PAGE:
Scarsdale station area

Kuniko Katz's essays, articles and letters to the editors

Senpo Sugihara, a Japanese righteous gentile-Japanese recognition of countryman,  The Scarsdale  Inquirer, Nov. 29, 1991

To the Editor:

On July 27, 1 wrote in the Scarsdale Inquirer about my visit to Mrs. Sugihara, whose deceased husband, Senpo Sugihara, saved thousands of Jewish people during World War II in Kovno, Lithuania. Shortly after this article, I wrote in OCS News, a New York based biweekly Japanese newspaper about Mr. Sugihara. In it 1 related his courageous acts and stated that it is time that the Japanese Government clears his name and officially recognizes his actions. As I wrote in The Inquirer, Mr. Sugihara was forced to resign from the Foreign Ministry upon his return to Japan after the war because he ignored the orders of his superiors. He was never exonerated from his dishonourable discharge while he was alive.

Then, in the middle of October, the Japanese consulate office in New York called and asked me to meet Mr. Muneo Suzuki, parliamentary vice minister for foreign affairs, who was going home via New York after visiting the Baltic republics. He was in the Baltic nations on behalf of the Japanese Government to normalize diplomatic relations. So my husband and I met him when he arrived in New York.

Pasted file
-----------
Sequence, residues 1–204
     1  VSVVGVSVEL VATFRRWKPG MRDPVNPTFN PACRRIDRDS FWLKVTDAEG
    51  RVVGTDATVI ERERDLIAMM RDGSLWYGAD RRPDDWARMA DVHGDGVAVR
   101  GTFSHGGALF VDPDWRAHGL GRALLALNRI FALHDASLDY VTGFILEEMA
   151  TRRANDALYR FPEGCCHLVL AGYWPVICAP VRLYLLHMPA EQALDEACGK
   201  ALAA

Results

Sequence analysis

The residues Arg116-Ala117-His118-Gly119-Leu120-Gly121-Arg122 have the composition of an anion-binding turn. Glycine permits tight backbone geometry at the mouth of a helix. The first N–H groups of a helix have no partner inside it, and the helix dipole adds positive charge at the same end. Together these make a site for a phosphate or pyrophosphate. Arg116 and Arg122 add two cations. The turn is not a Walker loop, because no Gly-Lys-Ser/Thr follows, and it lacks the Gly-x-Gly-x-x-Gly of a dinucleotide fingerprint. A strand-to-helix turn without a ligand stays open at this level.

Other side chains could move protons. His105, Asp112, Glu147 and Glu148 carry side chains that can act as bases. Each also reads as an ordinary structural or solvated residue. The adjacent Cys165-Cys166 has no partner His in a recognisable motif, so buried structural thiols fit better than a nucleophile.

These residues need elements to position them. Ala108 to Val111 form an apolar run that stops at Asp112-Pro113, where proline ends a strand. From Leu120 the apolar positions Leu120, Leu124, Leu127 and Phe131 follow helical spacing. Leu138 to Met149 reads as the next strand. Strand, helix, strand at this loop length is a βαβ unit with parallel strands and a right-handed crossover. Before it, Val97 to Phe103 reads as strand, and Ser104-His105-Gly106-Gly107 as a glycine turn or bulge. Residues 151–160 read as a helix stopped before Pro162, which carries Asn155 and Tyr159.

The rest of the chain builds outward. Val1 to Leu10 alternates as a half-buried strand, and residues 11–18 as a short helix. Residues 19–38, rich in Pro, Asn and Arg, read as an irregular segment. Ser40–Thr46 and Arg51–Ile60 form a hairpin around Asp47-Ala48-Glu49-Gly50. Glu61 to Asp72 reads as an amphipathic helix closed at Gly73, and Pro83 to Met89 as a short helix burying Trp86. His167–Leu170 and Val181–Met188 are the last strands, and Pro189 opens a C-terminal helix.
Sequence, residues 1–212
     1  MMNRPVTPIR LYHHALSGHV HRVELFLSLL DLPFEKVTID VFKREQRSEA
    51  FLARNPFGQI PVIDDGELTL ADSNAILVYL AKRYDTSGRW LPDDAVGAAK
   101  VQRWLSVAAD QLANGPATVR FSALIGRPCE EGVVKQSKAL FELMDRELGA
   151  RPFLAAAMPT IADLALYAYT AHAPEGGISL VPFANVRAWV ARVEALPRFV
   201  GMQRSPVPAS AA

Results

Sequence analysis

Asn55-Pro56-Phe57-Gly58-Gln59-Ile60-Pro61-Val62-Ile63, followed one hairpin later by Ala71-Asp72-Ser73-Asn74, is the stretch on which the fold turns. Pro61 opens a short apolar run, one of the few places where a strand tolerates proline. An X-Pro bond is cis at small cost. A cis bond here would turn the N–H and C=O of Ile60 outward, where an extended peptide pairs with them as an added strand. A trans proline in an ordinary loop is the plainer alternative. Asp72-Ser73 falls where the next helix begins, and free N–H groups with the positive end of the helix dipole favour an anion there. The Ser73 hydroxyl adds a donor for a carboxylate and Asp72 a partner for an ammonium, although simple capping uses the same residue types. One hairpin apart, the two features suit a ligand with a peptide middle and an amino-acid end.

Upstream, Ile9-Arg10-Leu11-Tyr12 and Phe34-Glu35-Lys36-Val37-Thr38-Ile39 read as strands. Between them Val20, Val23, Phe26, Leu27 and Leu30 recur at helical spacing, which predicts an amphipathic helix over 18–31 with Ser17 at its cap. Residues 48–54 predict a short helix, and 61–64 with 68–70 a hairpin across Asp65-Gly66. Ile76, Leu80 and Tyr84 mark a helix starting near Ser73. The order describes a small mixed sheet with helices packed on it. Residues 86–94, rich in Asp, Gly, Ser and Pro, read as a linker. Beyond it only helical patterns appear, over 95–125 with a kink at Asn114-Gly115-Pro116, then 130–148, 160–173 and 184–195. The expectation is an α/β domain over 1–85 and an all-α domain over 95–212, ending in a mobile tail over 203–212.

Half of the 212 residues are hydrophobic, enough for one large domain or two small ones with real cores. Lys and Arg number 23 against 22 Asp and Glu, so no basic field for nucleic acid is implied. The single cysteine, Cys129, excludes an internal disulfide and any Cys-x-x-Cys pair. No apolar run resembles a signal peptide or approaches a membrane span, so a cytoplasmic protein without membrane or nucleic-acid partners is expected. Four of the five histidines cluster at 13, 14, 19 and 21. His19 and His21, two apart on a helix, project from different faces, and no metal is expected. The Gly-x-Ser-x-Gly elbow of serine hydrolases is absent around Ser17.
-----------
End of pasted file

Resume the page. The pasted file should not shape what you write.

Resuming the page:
Mr. Suzuki told us that the Foreign Ministry officially apologized to Mr. Sugihara's family on Oct. 4, and thus Mr. Sugihara's name was cleared posthumously. Mr. Suzuki said that the Foreign Ministry realized the significance of Mr. Sugihara’s actions because of the surge of recognition for him among Jewish people worldwide. Mr. Suzuki also said that his reading Mrs. Sugihara's newly published book, titled, "The Visas That Saved the Lives of 6000 People," also enabled him to understand exactly what had happened and to realize that he had to do something. Mr. Suzuki said that Lithuania named the street where the Japanese consulate was located "Sugihara Street” to commemorate establishing new relations with Japan.

At the end of our meeting, Mr. Suzuki told us that he was going to make sure that Mr. Sugihara's name would be immortalized as a model for all the staff and diplomats in the Foreign Ministry. It would have been surely greater if this had been done while Mr. Sugihara was alive, but I am happy that the Japanese Foreign Ministry finally applauded his humanitarian deeds.

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